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This exhibition seeks to popularize the architect’s work and his vision of the future while revealing his sources of inspiration.
The aim of the exhibition titled ‘Norman Foster. Common Futures’ is to popularize the architect’s work and his vision of the future among a wide audience while revealing his sources of inspiration. The exhibition focuses on continuities, transversal variables in Foster’s work, and confirms how the future and the past can inspire the present.
Since his early works more than half a century ago, Norman Foster’s architecture has sought to employ technical expertise to anticipate the future and to overcome physical and social barriers. Inspired by both historical constructions and scientific progress, his projects reconcile tradition and modernity, urban intelligence and transformative capacity, aesthetic excellence and technological innovation.
On the occasion of the public presentation of his foundation in Madrid, the Norman Foster Foundation, this exhibition – curated by Luis Fernández-Galiano, Senior Professor of Projects at the School of Architecture of the Polytechnic University of Madrid (ETSAM) and Editor of the Spanish magazine AV/Arquitectura Viva – documents twelve recent projects entering into dialogue with similar proposals from previous decades to underline the continuity of his concerns and to bring to light the variety of his interests.
From involvement in heritage buildings to habitat projects for the Moon and Mars, Foster’s work recovers the memory of the past and anticipates the needs of the future while remaining firmly anchored among the demands and urgencies of the present. All Foster’s proposals – the new work and culture spaces, care for cancer patients and populations lacking infrastructures, sustainable urban development and raised cycle paths – stimulate the endeavour to make our cities more liveable. All with the dominant themes of social awareness, openness to change and innovation.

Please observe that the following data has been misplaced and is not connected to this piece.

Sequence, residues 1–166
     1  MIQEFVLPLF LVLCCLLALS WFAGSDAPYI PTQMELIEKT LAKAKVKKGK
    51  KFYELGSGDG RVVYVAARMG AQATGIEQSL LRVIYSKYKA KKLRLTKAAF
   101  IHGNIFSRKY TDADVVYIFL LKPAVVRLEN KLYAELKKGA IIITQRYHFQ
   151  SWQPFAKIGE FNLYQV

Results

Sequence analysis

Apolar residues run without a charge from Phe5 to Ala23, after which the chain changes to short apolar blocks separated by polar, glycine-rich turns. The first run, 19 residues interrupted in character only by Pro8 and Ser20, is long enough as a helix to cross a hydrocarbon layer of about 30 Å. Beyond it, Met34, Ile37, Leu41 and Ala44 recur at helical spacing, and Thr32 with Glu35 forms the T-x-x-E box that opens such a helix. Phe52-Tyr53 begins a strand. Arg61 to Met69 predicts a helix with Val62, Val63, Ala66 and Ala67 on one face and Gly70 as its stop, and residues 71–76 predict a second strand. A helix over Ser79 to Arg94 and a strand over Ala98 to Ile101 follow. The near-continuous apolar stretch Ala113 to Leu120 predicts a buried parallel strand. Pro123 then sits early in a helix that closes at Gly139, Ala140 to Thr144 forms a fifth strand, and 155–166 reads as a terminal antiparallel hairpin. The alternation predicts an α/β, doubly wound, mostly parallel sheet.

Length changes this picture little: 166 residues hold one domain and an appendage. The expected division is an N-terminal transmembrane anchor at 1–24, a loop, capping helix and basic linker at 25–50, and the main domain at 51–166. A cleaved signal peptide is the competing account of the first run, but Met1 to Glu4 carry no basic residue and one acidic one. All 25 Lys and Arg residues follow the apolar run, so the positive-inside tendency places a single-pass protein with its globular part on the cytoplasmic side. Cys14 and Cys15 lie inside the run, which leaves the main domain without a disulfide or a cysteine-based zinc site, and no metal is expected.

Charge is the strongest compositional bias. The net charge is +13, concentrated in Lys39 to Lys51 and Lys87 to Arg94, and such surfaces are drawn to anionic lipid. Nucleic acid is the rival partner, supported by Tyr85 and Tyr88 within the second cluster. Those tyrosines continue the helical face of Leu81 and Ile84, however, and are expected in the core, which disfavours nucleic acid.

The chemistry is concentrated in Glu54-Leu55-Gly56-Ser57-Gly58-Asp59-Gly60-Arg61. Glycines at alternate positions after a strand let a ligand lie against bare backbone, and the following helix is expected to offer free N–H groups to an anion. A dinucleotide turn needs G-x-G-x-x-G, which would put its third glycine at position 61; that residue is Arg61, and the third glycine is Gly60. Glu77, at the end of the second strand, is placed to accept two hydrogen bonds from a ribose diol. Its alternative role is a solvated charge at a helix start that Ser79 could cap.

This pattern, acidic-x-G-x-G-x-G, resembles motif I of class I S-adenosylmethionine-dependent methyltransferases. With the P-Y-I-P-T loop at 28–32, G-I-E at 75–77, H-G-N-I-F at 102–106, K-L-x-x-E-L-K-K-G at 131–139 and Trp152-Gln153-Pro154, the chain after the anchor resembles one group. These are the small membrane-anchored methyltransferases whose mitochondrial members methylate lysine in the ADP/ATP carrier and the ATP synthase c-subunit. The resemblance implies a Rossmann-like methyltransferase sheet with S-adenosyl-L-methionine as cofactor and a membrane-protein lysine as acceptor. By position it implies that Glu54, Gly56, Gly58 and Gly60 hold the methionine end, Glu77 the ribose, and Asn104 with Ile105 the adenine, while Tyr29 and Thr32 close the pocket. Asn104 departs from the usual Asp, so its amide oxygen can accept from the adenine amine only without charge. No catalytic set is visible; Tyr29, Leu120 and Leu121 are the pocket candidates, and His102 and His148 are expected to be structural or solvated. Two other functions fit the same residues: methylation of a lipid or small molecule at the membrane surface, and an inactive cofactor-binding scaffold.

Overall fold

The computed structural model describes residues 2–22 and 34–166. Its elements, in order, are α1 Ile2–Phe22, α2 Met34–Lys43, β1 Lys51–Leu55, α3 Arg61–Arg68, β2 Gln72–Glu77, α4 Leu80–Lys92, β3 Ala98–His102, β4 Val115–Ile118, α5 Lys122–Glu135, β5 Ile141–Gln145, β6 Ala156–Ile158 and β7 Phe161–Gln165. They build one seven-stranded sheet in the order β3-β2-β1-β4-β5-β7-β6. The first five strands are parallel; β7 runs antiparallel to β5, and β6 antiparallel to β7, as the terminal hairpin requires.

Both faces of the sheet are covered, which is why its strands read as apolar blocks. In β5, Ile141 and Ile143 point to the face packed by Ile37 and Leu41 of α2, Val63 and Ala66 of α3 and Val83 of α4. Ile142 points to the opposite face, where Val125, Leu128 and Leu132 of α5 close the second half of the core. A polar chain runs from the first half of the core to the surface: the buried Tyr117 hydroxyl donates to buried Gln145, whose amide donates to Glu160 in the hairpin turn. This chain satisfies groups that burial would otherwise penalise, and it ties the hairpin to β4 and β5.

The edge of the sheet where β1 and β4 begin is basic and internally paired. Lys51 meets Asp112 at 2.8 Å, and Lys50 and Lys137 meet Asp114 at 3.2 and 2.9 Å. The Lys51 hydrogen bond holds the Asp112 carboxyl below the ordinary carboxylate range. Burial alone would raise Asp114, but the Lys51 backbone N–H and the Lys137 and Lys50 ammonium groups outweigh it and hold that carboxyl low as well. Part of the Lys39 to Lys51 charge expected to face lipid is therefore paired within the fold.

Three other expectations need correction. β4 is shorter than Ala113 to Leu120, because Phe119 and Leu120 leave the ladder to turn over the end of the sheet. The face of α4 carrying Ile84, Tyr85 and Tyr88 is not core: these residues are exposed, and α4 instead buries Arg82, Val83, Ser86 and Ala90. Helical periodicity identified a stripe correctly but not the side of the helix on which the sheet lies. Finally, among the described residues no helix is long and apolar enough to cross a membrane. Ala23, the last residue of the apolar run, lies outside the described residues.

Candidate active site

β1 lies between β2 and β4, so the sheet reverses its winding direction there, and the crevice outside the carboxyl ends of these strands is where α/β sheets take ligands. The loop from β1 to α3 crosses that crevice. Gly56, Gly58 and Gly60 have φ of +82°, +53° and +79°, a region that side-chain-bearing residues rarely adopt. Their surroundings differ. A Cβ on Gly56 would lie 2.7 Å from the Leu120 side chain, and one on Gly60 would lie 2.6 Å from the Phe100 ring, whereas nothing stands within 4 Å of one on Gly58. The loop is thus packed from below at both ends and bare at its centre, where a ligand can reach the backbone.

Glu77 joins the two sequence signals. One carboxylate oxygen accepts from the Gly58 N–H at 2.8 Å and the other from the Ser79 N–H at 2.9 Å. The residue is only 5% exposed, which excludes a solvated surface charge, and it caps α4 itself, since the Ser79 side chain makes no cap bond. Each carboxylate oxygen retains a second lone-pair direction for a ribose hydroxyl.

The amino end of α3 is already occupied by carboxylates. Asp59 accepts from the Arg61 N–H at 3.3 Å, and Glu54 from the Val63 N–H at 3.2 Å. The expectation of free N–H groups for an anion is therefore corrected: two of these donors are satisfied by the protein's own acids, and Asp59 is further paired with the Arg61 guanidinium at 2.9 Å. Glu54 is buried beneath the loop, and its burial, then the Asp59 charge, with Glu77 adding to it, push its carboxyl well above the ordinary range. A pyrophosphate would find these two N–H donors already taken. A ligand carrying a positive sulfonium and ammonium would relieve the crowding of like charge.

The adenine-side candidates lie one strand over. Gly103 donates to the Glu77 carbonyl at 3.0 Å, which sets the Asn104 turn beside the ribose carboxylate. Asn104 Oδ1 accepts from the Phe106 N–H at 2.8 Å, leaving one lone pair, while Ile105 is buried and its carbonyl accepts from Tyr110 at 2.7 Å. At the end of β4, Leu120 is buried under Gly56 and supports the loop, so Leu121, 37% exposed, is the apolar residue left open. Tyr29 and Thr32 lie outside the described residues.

Thus, this Norman Foster exhibition in Spain is held under the auspices of Fundación Telefónica at Espacio Fundación Telefónica, a building which was a paradigm of innovation in its day, the first skyscraper to be built in Spain, whose impressive structure is highlighted by the montage of the display. It is also appropriate for its central area to be occupied by a set of machines at the service of movement – from the bicycle to the space capsule – which are, in turn, an inspiration for these lightweight architectures and a symbol of a fast-paced world undergoing constant change.
In addition, in the twelve sections of the exhibition, we can run through Foster’s ideas on different topics of social interest, following an itinerary which begins with a reflection on the past and ends with the future, taking in culture, work, well-being and sustainability. Each section presents a recent project together with another from his initial period, demonstrating the continuity of these features in his architecture, constantly focused on the prefiguration of a common future.
Follow this exhibition on Twitter via the #ExpoFoster hashtag.
Twelve dialogues. Twelve possible futures
1. The future of the past. Barn drawings (1958) – Château Margaux (2009)
We need the past as nutritional support for the present. Our understanding and our emotions live off our memories, but creative activity also uses experience as a source of inspiration.
2. The future of culture. Carré D´Art Nîmes (1984) – Prado Museum Extension (2016)